Figure 2 shows the distribution of the acquired data within the environment. The trajectories of the transmitter nodes are in-between the various objects; the size of the area is approximately 15m × 20m. In total, we captured about 300,000 channel impulse responses over a time period of approximately 1.5 hours. The sampling interval of the data was about 10 Hz. For clearance, a constant sampling interval is not available, as straightforward resampling of CIR data is not possible because of the complexity of the signals. Of these, a temporally coherent set of 230,000 CIRs is available for training purposes, while another coherent set of 70,000 datapoints is used for testing/evaluation. This corresponds to exactly 20 minutes of recording time.
The dataset is provided as a pandas dataframe. The main file (i.e. the training data) contains the CIRs and reference positions. Each data instance (i.e. column of the dataframe) contains:
rec_time ([int]): the timestamp in μs at which the CIR was received at the receiver node.
burst_id ([int]): the transmitter time index. This can be used for synchronization. For clarity, at each of the burst IDs, the transmitter (i.e., the mobile node) transmits an impulse that is received by a subset of the receivers (i.e, anchors). The complete set of CIRs from all anchors is not available at all time steps (as at some receivers the detection was not successful due to an insufficient channel and/or data corruption).
cir_real (array[int]) and cir_imag (array[int]): the real and imaginary parts of the CIR as tuples. The CIRS are centered around the peaks and contain 366 samples each.
anch_ID ([string]): the anchor id of the receiving anchor.
The positions of the agent (i.e. the mobile tag, the transmitter) ref_x, ref_y as float. The reference positions are corresponding to the receiver timestamp rec_time.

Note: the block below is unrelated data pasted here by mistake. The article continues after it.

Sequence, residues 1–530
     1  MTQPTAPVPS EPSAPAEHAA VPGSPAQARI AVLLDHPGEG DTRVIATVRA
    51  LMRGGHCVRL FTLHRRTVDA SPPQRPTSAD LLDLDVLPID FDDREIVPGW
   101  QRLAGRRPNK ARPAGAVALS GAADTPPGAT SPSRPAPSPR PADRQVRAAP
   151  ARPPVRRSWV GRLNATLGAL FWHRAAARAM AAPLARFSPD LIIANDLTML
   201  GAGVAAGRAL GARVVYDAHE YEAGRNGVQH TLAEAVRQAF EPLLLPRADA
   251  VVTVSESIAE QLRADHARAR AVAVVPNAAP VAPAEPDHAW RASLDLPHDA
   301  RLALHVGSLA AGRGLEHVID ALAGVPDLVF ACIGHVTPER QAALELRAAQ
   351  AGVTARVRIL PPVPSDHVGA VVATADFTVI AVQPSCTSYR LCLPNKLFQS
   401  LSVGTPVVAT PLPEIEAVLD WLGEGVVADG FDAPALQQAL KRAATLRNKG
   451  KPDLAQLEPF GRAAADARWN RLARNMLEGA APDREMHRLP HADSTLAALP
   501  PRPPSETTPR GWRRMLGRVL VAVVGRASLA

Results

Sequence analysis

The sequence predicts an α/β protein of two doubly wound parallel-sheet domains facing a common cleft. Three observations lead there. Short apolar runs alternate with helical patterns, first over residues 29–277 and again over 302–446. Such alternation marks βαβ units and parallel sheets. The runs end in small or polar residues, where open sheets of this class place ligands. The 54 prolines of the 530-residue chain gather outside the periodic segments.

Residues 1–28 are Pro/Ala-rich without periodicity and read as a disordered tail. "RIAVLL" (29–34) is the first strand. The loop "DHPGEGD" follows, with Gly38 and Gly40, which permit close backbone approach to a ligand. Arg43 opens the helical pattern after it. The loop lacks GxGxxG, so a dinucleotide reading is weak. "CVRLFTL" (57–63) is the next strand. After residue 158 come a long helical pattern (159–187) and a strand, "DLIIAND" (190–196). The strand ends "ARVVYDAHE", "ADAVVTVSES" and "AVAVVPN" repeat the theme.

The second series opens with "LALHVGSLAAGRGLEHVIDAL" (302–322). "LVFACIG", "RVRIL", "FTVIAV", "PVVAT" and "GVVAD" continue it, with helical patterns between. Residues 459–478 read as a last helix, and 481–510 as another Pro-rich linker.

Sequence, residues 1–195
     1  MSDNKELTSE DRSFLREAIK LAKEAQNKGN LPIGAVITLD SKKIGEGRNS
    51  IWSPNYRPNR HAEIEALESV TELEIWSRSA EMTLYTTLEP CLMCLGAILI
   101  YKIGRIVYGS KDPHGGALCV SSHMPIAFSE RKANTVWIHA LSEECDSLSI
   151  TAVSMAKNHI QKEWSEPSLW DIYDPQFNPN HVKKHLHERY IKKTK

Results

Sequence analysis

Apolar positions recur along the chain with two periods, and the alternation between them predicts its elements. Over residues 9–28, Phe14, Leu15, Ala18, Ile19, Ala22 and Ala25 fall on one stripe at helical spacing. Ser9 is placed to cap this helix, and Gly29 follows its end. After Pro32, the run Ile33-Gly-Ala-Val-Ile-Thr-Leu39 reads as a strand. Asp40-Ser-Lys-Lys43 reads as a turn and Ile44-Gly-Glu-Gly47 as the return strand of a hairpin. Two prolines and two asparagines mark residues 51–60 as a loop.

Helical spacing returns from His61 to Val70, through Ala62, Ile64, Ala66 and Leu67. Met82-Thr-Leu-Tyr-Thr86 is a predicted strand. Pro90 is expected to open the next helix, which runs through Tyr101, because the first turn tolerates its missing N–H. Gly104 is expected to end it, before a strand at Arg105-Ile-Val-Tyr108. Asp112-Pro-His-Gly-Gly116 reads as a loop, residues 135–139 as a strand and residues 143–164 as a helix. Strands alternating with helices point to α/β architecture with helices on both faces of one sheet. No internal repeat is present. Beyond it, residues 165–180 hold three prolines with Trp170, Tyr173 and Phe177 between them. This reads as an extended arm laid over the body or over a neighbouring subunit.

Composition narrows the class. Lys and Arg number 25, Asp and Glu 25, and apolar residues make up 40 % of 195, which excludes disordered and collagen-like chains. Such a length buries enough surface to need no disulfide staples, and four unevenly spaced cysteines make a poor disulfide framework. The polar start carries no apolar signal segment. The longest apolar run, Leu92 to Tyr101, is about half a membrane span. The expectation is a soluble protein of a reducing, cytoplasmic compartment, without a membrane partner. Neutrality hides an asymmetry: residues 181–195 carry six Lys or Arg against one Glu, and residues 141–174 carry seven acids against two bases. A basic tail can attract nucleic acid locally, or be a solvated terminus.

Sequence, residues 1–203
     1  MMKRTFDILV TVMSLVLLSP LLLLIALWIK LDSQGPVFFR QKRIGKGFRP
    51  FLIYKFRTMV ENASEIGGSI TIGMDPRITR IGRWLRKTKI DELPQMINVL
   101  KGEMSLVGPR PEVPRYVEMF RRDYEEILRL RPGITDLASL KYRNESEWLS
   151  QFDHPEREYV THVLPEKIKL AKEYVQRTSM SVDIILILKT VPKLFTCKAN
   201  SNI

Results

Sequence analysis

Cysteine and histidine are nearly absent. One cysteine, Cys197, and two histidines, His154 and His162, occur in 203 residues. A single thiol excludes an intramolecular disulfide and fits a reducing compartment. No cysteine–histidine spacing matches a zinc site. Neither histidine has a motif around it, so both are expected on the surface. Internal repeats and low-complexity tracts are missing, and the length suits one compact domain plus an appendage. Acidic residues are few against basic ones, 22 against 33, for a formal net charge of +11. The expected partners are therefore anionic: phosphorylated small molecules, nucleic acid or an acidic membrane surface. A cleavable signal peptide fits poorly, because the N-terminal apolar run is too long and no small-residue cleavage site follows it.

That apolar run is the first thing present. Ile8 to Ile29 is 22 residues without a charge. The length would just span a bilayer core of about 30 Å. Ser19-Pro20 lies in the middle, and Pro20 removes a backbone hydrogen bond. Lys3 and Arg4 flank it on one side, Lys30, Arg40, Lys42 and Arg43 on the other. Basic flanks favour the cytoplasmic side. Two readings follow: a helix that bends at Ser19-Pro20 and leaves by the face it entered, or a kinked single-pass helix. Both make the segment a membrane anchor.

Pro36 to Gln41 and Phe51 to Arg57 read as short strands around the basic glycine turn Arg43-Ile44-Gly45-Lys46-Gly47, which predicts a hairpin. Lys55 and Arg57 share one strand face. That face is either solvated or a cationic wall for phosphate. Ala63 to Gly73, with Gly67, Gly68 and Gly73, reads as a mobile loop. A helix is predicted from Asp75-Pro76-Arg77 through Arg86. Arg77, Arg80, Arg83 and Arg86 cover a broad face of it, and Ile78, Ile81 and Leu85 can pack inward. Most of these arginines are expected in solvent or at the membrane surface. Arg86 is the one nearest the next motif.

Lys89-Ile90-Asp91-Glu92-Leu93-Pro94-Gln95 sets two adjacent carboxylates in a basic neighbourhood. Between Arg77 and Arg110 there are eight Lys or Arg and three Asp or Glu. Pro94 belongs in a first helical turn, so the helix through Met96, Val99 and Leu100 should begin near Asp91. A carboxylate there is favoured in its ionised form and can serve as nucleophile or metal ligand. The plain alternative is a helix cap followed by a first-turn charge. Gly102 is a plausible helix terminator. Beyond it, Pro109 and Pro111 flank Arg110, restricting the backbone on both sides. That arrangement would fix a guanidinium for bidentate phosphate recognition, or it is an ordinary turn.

An additional pandas dataframe containing the anchor/receiver positions is also available. It contains:
- anch_ID [string] the anchor IDs.
- p_x, p_y [float] positions of the anchors.
The training dataset is available here.
For the challenge, a second dataframe is provided that includes the same columns as the training dataset apart from the reference positions ref_x, ref_y. Using these data, the objective is to estimate position values at a regular time interval of 100 μs. The participants must provide a PANDAS dataframe of length 12,000 that includes:
the timestamps t_est [int] of the position estimates in μs (starting from 10,000).
the corresponding estimated positions x_est and y_est as float
For clarity, the input data are not available at a perfectly regular sampling interval and the complexity of CIRs does not allow for direct interpolation to obtain regularly spaced data, so, depending on the applied methods, resampling of the results might be necessary. This is to ensure a fair comparison of the methods. The resulting estimates will then be evaluated using the third quartile of the 2D Euclidean distance between the measurement points as score.
The test dataset is available here.